1.  Colman PG, Steele C, Couper JJ, et al. Islet autoimmunity in infants with a Type I diabetic relative is common but is frequently restricted to one autoantibody. Diabetologia 2000; 43: 203-209. 2.  Kimpimaki T, Kulmala P, Savola K, et al. Natural history of beta-cell autoimmunity in young children with increased genetic susceptibility to type 1 diabetes recruited from the general population. J Clin Endocrinol Metab 2002; 87: 4572-4579. 3.  Knip M. Natural course of preclinical type 1 diabetes. Hormone Res 2002; 57: 6-11. 4.  Diabetes Prevention Trial-Type 1 Diabetes Study Group. Effects of insulin in relatives of patients with type 1 diabetes mellitus. New Eng J Med 2002; 346: 1685-1691. 5.  Bingley PJ, Christie MR, Bonifacio E, et al. Combined analysis of autoantibodies improves prediction of IDDM in islet cell antibody-positive relatives. Diabetes 1994; 43: 1304-1310. 6.  Verge CF, Gianani R, Kawasaki E, et al. Prediction of type I diabetes in first-degree relatives using a combination of insulin, GAD, and ICA512bdc/IA-2 autoantibodies. Diabetes 1996; 45: 926-933. 7.  Gale EA, Bingley PJ, Emmett CL, European Nicotinamide Diabetes Intervention Trial (ENDIT) Group, et al. European Nicotinamide Diabetes Intervention Trial (ENDIT): a randomised controlled trial of intervention before the onset of type 1 diabetes. Lancet 2004; 363: 925-931. 8.  Skyler JS, Krischer JP, Wolfsdorf J, et al. Effects of oral insulin in relatives of patients with type 1 diabetes : the Diabetes Prevention Trial -Type1 Diabetes Care 2005; 28: 1068-1076.

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Global IDF/ISPAD Guideline for Diabetes in Childhood and Adolescence

tYpe 2 diabetes
Global IDF/ISPAD Guideline for Diabetes in Childhood and Adolescence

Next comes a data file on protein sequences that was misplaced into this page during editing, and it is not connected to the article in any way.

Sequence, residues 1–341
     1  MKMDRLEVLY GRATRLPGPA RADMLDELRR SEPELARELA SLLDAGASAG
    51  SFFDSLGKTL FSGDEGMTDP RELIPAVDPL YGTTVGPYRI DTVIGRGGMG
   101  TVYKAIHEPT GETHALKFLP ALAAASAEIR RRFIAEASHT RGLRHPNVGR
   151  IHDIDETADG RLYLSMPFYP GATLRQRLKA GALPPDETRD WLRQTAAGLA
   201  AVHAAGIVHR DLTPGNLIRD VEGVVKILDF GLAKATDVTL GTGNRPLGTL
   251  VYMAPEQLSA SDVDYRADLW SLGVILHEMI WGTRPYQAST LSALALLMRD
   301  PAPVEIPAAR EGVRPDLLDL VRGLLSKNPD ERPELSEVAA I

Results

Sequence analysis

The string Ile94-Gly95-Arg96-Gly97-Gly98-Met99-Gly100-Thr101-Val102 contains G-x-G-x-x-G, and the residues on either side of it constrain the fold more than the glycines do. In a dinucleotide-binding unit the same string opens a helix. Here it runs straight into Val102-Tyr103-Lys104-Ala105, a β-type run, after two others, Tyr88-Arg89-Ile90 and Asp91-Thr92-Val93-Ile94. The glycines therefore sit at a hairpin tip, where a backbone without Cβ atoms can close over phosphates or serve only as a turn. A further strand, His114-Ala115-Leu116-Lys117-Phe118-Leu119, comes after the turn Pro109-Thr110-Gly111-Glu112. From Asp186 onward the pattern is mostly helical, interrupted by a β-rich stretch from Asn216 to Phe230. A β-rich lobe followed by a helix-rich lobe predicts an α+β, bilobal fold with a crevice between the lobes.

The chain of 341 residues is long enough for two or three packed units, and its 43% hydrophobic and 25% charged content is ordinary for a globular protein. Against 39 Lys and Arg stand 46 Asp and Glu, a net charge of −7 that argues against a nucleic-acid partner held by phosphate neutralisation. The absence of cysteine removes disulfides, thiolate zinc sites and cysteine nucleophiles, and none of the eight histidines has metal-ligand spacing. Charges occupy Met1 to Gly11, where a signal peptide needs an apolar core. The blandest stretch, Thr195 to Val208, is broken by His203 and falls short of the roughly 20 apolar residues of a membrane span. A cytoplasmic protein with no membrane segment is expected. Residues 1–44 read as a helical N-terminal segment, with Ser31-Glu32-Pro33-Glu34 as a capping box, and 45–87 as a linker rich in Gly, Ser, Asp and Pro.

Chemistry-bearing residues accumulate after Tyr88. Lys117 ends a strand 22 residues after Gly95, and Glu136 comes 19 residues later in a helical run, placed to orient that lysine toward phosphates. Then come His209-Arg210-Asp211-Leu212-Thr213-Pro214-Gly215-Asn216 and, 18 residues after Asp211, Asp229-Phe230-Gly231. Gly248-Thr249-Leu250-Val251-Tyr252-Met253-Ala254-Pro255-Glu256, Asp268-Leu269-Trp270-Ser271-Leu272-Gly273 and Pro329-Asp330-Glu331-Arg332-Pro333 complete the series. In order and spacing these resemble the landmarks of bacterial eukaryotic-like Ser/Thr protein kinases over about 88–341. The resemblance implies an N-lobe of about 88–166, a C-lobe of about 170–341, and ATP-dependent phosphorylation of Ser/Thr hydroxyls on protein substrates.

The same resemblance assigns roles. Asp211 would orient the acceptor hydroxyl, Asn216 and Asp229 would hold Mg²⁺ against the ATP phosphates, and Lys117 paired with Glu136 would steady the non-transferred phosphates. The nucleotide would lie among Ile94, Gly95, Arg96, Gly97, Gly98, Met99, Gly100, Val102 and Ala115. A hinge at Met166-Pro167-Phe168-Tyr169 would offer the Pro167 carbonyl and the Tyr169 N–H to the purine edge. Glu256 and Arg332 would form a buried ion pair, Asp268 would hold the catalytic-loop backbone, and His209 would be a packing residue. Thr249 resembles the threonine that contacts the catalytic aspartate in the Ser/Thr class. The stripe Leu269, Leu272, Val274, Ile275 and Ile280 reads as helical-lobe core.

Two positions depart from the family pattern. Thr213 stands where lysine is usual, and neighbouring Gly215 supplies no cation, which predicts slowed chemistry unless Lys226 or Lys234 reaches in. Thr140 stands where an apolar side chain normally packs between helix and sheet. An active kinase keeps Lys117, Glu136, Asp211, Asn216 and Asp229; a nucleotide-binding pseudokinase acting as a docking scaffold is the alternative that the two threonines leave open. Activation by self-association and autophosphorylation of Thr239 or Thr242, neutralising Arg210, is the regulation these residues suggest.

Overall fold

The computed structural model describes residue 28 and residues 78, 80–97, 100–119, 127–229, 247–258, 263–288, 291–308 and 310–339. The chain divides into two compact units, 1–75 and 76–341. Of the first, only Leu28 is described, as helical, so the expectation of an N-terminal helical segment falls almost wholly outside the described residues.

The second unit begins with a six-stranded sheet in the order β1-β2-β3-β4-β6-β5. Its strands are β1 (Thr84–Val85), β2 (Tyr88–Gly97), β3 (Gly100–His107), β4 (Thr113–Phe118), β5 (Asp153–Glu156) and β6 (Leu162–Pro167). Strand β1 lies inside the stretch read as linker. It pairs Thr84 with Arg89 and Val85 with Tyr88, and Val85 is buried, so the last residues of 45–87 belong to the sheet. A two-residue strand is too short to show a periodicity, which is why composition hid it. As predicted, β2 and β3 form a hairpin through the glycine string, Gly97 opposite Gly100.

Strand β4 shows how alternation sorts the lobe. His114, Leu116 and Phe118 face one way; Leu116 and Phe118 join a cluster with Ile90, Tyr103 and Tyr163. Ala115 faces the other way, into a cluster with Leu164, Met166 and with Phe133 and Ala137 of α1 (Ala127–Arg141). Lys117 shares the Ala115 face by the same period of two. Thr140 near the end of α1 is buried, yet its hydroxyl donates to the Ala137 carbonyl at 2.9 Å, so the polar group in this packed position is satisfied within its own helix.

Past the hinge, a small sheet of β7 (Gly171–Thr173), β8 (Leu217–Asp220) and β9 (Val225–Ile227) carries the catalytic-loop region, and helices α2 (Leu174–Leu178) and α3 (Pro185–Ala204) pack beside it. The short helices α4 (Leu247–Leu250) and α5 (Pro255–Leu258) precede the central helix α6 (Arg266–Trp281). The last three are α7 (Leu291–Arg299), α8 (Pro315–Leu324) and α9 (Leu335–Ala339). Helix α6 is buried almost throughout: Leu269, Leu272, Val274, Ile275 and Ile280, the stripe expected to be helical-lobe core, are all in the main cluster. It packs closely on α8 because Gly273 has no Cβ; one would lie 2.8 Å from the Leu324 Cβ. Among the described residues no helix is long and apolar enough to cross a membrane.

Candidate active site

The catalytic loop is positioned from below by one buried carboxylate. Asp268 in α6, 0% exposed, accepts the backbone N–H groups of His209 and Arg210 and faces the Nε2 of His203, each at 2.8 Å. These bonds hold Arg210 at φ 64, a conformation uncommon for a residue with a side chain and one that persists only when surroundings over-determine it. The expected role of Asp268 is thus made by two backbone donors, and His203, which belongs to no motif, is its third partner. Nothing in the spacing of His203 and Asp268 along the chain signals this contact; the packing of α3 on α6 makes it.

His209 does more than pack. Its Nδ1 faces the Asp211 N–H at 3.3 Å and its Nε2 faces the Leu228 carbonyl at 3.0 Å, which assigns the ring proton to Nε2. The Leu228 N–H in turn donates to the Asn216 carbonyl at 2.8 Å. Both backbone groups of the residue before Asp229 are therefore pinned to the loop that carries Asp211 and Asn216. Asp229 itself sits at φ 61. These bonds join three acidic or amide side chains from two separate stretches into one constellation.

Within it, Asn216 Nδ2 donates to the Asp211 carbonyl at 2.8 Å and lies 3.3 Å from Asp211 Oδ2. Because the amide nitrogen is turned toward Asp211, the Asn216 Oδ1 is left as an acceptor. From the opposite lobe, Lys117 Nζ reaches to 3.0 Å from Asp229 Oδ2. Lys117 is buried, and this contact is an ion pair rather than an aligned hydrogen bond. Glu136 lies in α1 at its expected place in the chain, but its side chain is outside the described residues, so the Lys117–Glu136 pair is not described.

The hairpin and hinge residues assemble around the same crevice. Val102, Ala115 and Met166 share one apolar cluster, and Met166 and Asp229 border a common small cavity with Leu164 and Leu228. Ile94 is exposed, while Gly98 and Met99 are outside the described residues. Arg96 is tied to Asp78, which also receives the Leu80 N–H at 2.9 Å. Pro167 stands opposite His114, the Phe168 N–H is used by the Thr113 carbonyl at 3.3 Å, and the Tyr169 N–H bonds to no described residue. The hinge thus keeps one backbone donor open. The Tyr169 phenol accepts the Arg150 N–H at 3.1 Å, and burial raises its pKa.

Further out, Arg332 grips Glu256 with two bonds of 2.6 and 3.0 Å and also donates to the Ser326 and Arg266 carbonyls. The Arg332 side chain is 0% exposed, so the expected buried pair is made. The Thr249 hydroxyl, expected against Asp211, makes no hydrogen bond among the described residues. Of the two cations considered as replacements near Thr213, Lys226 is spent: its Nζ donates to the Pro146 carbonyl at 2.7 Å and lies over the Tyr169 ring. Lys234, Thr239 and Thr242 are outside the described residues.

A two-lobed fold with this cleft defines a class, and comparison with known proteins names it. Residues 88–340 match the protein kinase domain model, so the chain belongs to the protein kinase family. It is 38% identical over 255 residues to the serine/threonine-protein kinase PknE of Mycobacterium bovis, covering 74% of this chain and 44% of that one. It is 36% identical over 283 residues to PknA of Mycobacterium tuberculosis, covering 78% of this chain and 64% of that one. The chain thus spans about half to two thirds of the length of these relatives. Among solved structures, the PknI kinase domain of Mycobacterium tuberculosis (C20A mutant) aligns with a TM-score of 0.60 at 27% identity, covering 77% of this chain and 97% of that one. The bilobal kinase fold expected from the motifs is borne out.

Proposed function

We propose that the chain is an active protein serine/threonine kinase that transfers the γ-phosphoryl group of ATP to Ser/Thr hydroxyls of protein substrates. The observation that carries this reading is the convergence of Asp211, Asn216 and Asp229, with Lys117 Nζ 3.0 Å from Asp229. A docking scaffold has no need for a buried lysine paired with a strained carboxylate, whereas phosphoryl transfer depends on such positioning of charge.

21

Ty p e 2 d i a b e t e s

Recommendations
Recommended care
Diagnosis: The clinical diagnosis of type 2 diabetes in an asymptomatic individual requires at least two abnormal glucose values, diagnostic of diabetes, on two separate days. 1. I  n areas where, and age groups when, type 1 diabetes predominates diabetes autoantibody testings should be considered:  hen the clinical diagnosis of type 2 diabetes is made, because islet cell autoimW munity may be present in otherwise typical type 2 diabetes: Antibodies will indicate an earlier need for insulin. Antibodies will indicate the need to check for thyroid autoimmunity and to  consider other associated autoimmune disorders. Antibodies will alter disease prediction in other family members. Especially in overweight/obese children > 13 years of age with a clinical picture of type  1 diabetes (weight loss, ketosis/ketoacidosis), some of whom may have type 2 diabetes. 2.  In regions where type 2 diabetes predominates diabetes autoantibody testing should be considered: n children of any age with a clinical picture of type 1 diabetes (weight loss, ketosis/ I ketoacidosis), some of whom will have autoimmune type 1 diabetes 3. C  -peptide measurements, with or without diabetes autoantibody determination, should be considered in all children, especially those > 13 years of age with the initial clinical diagnosis of type 2 diabetes who have worsening levels of control on oral agents to confirm those requiring insulin therapy and to reconsider the diabetes classification. Initial medical treatment 4.  Initial treatment is determined by symptoms, severity of hyperglycaemia, and presence or absence of ketosis/ketoacidosis. As in type 1 diabetes, those with symptoms, particularly vomiting, can deteriorate rapidly and need urgent assessment and appropriate treatment. nsulin may be required for initial metabolic stabilisation if significant hyperglycaemia I and ketosis is present, even in the absence of ketoacidosis 5. A  fter initial stabilisation, if insulin is not required or when insulin is eliminated, blood glucose testing may be decreased to twice a day, fasting and 2-3 hours after the largest meal. 6.  Lifestyle changes in diet and exercise are essential to increase insulin sensitivity and should be recommended for all individuals with type 2 diabetes, other treatment may be added to this required treatment. 7. Metformin is the initial pharmacologic treatment of choice, if metabolically stable  egin with 250 mg daily for 3-4 days, if tolerated, increase to 250 mg twice a day, B titrate in this manner over 3-4 weeks until the maximal dose of 1,000 mg twice a day is reached. f insulin was initially required, transition from insulin to metformin can usually be I made over 2-6 weeks beginning when metabolic stability is reached, usually 1-2 weeks after diagnosis.  ransition can usually be achieved safely by titration of the metformin as in number T one above. Insulin may be decreased by 10-20% each time the metformin is increased with a goal of eliminating insulin therapy. If at any time during the insulin taper, the glucose values rise into the impaired  range, the taper should be slowed until values become stable.